To be effective at this stage, corporate should limit the burden on business units with additional information requests and extra work. The objective is to demonstrate the value of the analysis using data that is currently available. Where there are gaps in the information, common sense assumptions will suffice to develop directionally correct conclusions. Although the data may not be perfectly accurate, there will be plenty of time to verify it later in the process.

It is important, however, that Corporate involves the business unit leaders to establish buy-in on the methodology for filling in the gaps, while emphasizing the goal is NOT to be “precise” , but rather “approximately and directionally right.”

Step 3 – Develop a Top-Down Case for Change, “Size of the Prize”

Next corporate must develop the case for change by quantifying the “size of the prize”. The magnitude of the opportunity creates excitement, answers the “so what” question, and creates trust between Corporate and the business units. The size of the prize is Corporate’s top down or outside/in view of the potential to unlock value across the portfolio by simply reallocating resources.

What it is not, is a prescription, a budget, goal setting, incentive target, negotiation, or mandate. Rather, it is a collaboration with each business unit on what the possible (not probable) value might be for a reallocation of resources. The process is meant to create healthy provocations to help business units think outside the box and challenge the status quo, but it is not meant to drive a corporate agenda.

One of the biggest challenges of SRA is reducing the allocation of resources to a business that believes they have value creation opportunities, but where there are better opportunities elsewhere. Business units must understand that they compete for resources and create more value than the next best alternative by developing an optimized plan that reduces resources allocated towards weak performers and reallocate them to strong performers.

This step also provides a preview of the types of insights business units will derive by taking the next step of the process by exploring the value created at more granular levels of their business. “Size of the prize” helps justify whether more work needs to be done at the business unit level to develop a more precise and deeper analysis. It also allows Corporate to elicit valuable feedback on the information business units would like to see to make better investment and operating decisions in the future.

Step 4 – Construct a Bottom-Up Strategic Value Creation Agenda

At this point, business unit leaders are typically excited to delve deeper into how to maximize the value of their business, given the resources they are being allocated, their ranking relative to other business units, and upon seeing the size of the prize. Here we take into account the practical considerations of operating and market constraints that come with investing more or less across the business unit’s portfolio of customers, products, segments and/or geographies.

Cross-functional working group sessions are conducted to determine the organizational capabilities needed to execute on the strategic alternatives and leverage the institutional knowledge of business unit leaders to determine the feasibility of the resource allocation strategy. In some cases, where the size of the prize suggests more investment, marginal market penetration may be limited and therefore more investment may not be practical. Alternatively, where the size of the prize suggests less investment or divestment, the impact on other parts of the business may restrict pursuing such strategy, because the downside may be larger than anticipated at corporate. It is in this step of the process, where buy-in from the business unit leaders will determine whether the execution of resource allocation will be successful.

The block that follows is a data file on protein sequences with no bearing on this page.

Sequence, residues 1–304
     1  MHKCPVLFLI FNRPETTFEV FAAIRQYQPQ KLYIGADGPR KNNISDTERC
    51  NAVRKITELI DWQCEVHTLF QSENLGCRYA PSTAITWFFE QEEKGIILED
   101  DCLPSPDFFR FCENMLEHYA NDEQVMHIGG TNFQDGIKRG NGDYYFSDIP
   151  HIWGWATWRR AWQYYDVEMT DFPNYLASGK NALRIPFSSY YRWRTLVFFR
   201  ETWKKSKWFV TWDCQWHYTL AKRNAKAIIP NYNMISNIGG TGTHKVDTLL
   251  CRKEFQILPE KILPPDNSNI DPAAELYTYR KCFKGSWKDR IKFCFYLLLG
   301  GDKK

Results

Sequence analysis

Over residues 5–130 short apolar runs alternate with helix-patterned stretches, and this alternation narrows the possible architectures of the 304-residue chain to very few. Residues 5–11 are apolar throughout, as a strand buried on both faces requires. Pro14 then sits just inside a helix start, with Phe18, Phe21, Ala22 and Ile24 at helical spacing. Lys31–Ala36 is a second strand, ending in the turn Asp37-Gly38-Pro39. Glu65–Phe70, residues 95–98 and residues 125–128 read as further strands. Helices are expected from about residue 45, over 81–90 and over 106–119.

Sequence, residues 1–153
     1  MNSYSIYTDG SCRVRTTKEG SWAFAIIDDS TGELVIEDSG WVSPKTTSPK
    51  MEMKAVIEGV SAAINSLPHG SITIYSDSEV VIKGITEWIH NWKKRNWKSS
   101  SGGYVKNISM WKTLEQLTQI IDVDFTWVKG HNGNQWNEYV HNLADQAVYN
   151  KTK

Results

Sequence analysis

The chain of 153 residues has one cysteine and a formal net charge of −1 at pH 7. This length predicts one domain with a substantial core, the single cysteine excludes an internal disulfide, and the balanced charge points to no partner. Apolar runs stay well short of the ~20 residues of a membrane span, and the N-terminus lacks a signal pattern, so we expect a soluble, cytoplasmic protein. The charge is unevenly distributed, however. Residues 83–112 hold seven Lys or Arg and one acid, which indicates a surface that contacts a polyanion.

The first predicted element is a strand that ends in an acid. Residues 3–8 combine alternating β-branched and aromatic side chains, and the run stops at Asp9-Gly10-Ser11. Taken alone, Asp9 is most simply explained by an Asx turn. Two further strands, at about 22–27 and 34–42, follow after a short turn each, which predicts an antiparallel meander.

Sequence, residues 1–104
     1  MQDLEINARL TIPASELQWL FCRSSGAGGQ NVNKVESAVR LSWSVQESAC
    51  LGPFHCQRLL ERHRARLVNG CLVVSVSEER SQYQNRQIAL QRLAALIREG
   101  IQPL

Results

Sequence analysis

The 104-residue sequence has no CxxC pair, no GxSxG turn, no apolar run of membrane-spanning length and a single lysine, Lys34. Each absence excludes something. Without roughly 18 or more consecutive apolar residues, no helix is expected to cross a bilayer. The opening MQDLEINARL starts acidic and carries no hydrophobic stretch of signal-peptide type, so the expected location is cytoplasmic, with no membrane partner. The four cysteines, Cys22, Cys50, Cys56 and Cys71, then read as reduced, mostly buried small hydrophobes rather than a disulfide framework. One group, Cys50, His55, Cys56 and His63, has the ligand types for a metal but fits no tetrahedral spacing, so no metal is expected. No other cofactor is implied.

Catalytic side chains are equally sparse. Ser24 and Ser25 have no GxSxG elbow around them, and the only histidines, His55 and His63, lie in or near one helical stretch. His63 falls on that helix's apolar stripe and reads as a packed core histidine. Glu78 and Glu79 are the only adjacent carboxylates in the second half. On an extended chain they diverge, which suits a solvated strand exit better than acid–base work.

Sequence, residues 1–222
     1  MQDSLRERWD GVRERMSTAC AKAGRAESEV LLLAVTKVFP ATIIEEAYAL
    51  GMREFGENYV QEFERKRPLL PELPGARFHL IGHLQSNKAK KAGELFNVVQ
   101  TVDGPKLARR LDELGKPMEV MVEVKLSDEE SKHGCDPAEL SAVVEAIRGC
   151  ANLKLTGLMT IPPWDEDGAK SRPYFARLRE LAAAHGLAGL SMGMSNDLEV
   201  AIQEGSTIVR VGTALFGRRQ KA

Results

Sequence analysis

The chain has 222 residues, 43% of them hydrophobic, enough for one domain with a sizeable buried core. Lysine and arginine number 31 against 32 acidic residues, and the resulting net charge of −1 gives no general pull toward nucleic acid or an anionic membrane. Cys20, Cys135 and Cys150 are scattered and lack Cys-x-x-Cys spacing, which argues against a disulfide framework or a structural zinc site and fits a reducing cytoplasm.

Step 5 – Create A Repeatable Process, Institutionalizing Strategic Resource Allocation

Finally, it is important that managers understand that value creation is a never-ending exercise. To the extent a company succeeds in creating value, it will attract competition for that value.  SRA must then be institutionalized as a repeatable process that continually seeks to optimize a company’s choices with a granular understanding of its business and the competitive environment in which it exists, while streamlining the process to dynamically adapt as new investment opportunities present themselves.

By going through the previous steps of the SRA playbook, Corporate has essentially created the blueprint for institutionalizing the process, and the templates and tools needed to establish a consistent way of analyzing opportunities. Institutionalizing SRA means keeping it on the management agenda throughout the year and integrating SRA models and presentation material into strategy development, business planning, forecasting, financial and reporting systems.  Lastly, this process requires a disciplined approach to conducting SRA training of key managers and team members to help embed the skillset needed within the organization.

Through well-defined, complementary roles and a structured, comprehensive SRA playbook, Corporate and its business unit partners can establish an effective foundation for long-term value creation. Corporate can move from overseer to value-added strategic partner by establishing a portfolio-wide playbook for value creation and challenging individual business units to find the best uses of capital within their respective business and relative to other opportunities in the portfolio.

Corporate becomes more alert to new business opportunities and more realistic about legacy investments that have destroyed value but continue on due to the lack of facts and conviction required to make the tough choices. As this thinking embeds further into a company over time, the potential for value creation is further unlocked and long-term value ambitions can be realized. 

Such a step-change in value creation potential can transform not just company financials, but also a company’s culture. This transformational change can be a major source of a company’s competitive advantage that leads to excess returns where the sustainability of those returns is paradoxically a function of its difficulty to implement and hence to replicate.

Marwaan Karame is a partner of Fortuna Advisors.